Correlated terrestrial and marine evidence for global climate changes before mass extinction at the Cretaceous-Paleogene boundary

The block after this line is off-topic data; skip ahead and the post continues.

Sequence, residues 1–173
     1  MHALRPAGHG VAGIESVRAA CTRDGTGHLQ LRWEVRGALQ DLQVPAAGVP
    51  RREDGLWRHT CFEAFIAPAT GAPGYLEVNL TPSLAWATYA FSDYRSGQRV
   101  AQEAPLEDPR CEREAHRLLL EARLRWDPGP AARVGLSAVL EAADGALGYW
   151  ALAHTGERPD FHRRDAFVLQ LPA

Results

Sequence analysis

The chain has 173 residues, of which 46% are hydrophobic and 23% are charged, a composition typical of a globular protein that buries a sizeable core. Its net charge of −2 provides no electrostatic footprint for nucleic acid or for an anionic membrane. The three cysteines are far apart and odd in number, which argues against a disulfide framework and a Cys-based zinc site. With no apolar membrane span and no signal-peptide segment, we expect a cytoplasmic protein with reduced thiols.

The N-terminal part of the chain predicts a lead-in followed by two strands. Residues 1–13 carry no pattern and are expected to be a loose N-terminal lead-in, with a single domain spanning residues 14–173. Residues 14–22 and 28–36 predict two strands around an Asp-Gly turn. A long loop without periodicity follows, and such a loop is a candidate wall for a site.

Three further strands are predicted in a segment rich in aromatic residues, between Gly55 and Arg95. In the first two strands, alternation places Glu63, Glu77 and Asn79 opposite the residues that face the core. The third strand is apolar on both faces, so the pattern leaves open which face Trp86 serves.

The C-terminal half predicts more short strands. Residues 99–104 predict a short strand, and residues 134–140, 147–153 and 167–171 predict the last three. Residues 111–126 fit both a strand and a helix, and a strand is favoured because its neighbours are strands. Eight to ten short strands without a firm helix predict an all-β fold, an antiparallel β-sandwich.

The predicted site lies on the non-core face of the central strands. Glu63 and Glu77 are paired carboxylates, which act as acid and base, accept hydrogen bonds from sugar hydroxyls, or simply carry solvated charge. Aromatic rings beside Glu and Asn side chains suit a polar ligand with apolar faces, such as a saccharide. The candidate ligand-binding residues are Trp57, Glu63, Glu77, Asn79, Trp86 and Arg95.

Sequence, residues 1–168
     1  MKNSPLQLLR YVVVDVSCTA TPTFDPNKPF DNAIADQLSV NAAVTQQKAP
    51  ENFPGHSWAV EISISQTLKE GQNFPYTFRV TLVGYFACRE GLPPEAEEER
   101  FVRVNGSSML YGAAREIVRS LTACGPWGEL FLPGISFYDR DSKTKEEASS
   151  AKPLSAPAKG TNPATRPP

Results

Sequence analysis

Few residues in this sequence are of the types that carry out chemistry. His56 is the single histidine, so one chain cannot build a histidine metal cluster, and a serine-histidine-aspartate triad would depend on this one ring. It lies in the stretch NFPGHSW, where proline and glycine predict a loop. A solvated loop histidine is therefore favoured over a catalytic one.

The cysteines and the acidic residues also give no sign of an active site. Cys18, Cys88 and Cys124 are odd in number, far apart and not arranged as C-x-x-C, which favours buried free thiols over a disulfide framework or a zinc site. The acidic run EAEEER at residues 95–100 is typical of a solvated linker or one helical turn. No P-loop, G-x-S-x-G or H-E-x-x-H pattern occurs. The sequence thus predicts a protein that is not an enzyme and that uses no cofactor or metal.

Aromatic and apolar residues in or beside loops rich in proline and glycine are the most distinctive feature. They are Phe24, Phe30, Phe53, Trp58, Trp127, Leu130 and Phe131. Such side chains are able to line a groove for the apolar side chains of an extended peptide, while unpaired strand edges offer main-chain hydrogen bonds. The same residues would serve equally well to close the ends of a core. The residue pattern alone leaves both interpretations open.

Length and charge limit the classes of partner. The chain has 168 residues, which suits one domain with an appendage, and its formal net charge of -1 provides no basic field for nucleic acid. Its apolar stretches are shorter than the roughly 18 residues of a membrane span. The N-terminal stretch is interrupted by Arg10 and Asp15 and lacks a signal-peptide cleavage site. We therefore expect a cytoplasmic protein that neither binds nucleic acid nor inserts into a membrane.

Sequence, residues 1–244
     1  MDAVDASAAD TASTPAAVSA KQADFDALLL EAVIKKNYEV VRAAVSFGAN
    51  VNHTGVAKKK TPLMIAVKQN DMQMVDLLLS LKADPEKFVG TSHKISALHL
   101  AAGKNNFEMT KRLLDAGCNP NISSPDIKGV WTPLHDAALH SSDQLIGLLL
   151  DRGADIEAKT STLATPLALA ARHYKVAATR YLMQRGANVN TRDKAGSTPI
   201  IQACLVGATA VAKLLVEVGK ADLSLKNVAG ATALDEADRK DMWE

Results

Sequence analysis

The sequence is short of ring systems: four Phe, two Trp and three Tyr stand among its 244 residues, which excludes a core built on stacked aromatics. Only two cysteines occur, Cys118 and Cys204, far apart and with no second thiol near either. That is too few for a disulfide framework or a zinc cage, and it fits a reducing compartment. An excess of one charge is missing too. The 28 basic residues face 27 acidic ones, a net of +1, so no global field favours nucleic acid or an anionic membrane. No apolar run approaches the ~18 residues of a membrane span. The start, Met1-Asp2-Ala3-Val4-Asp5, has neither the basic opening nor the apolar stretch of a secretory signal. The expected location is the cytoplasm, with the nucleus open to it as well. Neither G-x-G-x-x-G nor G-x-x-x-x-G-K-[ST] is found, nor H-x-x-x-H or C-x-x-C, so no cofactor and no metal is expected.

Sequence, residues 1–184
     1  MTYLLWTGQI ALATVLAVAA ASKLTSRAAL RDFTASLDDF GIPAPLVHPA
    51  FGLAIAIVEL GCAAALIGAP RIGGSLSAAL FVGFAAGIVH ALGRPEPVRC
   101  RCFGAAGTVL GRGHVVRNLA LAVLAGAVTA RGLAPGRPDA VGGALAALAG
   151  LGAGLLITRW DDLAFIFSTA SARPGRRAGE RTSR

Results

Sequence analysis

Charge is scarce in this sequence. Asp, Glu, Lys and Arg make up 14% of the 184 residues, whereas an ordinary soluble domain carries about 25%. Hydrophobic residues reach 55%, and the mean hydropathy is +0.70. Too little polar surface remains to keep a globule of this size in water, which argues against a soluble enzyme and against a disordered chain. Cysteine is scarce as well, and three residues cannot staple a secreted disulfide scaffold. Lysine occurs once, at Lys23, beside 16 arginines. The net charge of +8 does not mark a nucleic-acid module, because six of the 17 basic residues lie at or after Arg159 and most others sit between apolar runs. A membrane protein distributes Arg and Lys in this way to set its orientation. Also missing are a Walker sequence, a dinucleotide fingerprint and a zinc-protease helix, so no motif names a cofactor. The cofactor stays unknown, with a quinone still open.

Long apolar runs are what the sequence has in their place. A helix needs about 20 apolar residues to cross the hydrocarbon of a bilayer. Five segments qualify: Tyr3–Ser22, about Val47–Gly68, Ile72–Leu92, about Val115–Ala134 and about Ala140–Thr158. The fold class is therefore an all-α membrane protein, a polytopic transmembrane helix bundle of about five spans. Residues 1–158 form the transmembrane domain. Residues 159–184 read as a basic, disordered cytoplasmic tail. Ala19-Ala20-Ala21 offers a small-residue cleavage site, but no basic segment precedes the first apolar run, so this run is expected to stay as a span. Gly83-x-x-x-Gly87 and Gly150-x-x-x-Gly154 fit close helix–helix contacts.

Terrestrial climates near the time of the end-Cretaceous mass extinction are poorly known, limiting understanding of environmentally driven changes in biodiversity that occurred before bolide impact. We estimate paleotemperatures for the last ≈1.1 million years of the Cretaceous (≈66.6-65.5 million years ago, Ma) by using fossil plants from North Dakota and employ paleomagnetic stratigraphy to correlate the results to foraminiferal paleoclimatic data from four middle- and high-latitude sites. Both plants and foraminifera indicate warming near 66.0 Ma, a warming peak from ≈65.8 to 65.6 Ma, and cooling near 65.6 Ma, suggesting that these were global climate shifts. The warming peak coincides with the immigration of a thermophilic flora, maximum plant diversity, and the poleward range expansion of thermophilic foraminifera. Plant data indicate the continuation of relatively cool temperatures across the Cretaceous-Paleogene boundary; there is no indication of a major warming immediately after the boundary as previously reported. Our temperature proxies correspond well with recent pCO2 data from paleosol carbonate, suggesting a coupling of pCO2 and temperature. To the extent that biodiversity is correlated with temperature, estimates of the severity of end-Cretaceous extinctions that are based on occurrence data from the warming peak are probably inflated, as we illustrate for North Dakota plants. However, our analysis of climate and facies considerations shows that the effects of bolide impact should be regarded as the most significant contributor to these plant extinctions.